Q+A w/ Hang Lung’s John Haffner & LVMH’s Nicolas Martin: ‘There’s This Sense Coming Out of COP27 That We Need To Do Things Faster And Differently.’ 

10 Mins Read

Hang Lung Properties’ John Haffner and LVMH’s Nicolas Martin, talk to Green Queen about their new climate and sustainability partnership.

Last month, Chinese real estate leader Hang Lung Properties and French luxury giant LVMH group announced a ground-breaking three-year climate and sustainability partnership. The collaboration, the first of its kind globally, looks to redefine the relationship between landlords and retail tenants, and includes collaboration in five areas: Climate Resilience, Resource Management, Wellbeing, Sustainable Transactions, and Sustainability Communication, Events and Progress Reviews. 

Hang Lung Properties’ John Haffner, the company’s General Manager – Sustainability, and Nicolas Martin, LVMH Sustainable Store Planning Manager talk to Green Queen’s Sonalie Figueiras to share thoughts about the partnership, highlights from their recent inaugural Real Estate & Climate Forum, and what’s next. 

Green Queen: Can you share more about the Hang Lung x LVMH partnership you just embarked on? What is so unique about it? 

John Haffner: Sure. I think the partnership is unique in its scope, scale and depth. First, regarding the scope, we are covering a wide range of topics. We want to improve energy efficiency (as might be expected). But we are also asking, for instance, how we can do learning and development better together? How can we do social impact more effectively together? How can we think about biodiversity differently in the built environment? 

Nicolas Martin: We covered 12 topics in our Forum, meaning that we are looking at all aspects of our stores’ operations within Hang Lung buildings. 

John Haffner: The second is the scale. We’ve got 26 LVMH brands involved and over 90 retail stores in seven cities in mainland China. We’re talking about a lettable floor area of more than 27,000 square meters.

Nicolas Martin: This is a huge surface of stores, a large proportion of our luxury business.

John Haffner: But I think the most important feature of what makes it unique is the depth of our collaboration. And what I mean by that is we’re really, to use the language of LVMH, we’re co-creating solutions. So it’s not about the landlord saying to the tenant, ‘would you work on ABC’ or vice versa. There are some elements of that. But for the most part, we are sitting together and saying: ‘okay, how can we advance this agenda together’? We’re having the landlord and retail come together in a way that hasn’t been done in the past.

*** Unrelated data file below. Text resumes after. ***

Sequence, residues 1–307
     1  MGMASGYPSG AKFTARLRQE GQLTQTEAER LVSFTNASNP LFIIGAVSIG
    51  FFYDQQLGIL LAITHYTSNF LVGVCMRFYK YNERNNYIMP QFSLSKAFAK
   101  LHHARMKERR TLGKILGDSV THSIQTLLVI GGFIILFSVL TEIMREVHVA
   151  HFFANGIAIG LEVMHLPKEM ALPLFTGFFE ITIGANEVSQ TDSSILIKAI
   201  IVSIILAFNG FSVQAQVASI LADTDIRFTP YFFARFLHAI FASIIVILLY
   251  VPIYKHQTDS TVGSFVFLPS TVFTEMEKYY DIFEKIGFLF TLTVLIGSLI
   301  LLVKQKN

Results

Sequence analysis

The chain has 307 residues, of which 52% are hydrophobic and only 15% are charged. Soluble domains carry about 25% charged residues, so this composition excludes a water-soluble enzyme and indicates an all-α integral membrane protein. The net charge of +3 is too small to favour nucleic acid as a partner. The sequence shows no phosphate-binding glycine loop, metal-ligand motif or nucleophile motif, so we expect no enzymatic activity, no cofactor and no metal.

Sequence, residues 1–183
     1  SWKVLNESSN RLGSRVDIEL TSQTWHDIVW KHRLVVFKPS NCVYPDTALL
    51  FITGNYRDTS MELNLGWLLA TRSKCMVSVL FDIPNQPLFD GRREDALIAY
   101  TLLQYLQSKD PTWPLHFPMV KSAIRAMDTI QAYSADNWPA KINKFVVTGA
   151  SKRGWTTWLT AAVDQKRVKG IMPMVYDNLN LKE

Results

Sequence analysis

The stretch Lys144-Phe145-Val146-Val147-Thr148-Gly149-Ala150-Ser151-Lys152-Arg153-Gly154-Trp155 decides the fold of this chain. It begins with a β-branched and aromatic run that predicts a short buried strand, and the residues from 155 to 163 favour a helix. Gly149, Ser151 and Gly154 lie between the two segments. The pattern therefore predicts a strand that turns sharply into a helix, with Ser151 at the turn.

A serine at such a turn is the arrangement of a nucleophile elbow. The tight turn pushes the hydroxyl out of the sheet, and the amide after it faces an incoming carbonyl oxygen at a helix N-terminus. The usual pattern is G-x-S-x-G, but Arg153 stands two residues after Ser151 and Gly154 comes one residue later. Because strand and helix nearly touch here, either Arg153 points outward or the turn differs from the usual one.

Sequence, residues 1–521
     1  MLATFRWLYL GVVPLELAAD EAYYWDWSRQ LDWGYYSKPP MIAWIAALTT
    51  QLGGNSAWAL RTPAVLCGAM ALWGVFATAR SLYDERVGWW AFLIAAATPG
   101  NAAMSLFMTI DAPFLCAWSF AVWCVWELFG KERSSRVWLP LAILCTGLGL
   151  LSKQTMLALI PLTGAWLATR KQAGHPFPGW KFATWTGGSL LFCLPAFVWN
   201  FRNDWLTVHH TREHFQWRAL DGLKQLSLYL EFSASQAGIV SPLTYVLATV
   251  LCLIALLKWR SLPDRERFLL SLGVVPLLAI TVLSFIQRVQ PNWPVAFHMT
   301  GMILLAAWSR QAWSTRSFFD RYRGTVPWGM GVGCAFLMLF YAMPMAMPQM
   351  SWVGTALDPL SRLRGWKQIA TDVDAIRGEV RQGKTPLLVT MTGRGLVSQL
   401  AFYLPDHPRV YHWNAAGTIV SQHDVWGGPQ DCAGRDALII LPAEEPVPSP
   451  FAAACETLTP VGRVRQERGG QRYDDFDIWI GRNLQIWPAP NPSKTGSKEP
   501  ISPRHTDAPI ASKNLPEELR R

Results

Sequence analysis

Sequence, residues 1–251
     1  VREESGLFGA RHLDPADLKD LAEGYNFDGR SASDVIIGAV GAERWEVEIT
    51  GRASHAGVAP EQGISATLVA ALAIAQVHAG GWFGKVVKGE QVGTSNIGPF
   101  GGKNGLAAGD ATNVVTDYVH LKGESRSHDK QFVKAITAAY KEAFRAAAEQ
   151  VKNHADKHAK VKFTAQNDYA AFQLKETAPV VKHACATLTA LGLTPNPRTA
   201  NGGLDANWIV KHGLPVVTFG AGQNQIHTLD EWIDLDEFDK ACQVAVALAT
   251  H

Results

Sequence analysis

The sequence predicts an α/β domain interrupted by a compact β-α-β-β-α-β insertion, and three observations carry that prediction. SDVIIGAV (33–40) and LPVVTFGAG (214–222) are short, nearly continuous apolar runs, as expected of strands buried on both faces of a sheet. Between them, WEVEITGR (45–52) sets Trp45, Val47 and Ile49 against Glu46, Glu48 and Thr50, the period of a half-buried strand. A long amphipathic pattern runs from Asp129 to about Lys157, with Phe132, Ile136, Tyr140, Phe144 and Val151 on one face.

Green Queen: Absolutely, it’s not just between landlords and tenants, it’s at a much higher level than that.

John Haffner: You bring up a fourth aspect to this, which allows for those other three things to be taking place, and that is the level of organizational support. The fact that it’s Group-to-Group collaboration means that it’s not a landlord asking a specific tenant in a specific property to work on something. It’s two Groups coming together at that scale, with support for that scope, with support for that depth of collaboration. We’re not aware of another agreement like this at the group level, and neither is LVMH. 

A topic discussion at the inaugural Real Estate and Climate Forum, held on 24 and 25 November 2022.

Green Queen: It is indeed unique. This partnership is really a first globally for real estate and retail. How do you see the possible impacts for both your respective industries? Is the plan to create a standard across the industry, both in real estate and in luxury retail?

John Haffner: One of the things that made this partnership exciting and fun is that we’re learning by doing. So we started with a lot of momentum and energy wanting to get going together first. But always the thought is, we want to expand beyond the two Groups later on. So now we’re thinking, what do we do a year from now? 

We want to be able to collaborate with other tenants, other retail brands, other types of tenants, and LVMH wants to collaborate with other landlords. And both of us recognize that the old way of doing things hasn’t been adequate; we need to accelerate progress. Business as usual hasn’t been working. So there’s a sense of wanting to collaborate, and we are both committed to transparency with each other, I think the direction will be over time to share with others what we’ve also learned together, so you’re right, that could lead to ideas around standards, it could lead to ideas around knowledge sharing, and it could lead to ideas around good practices.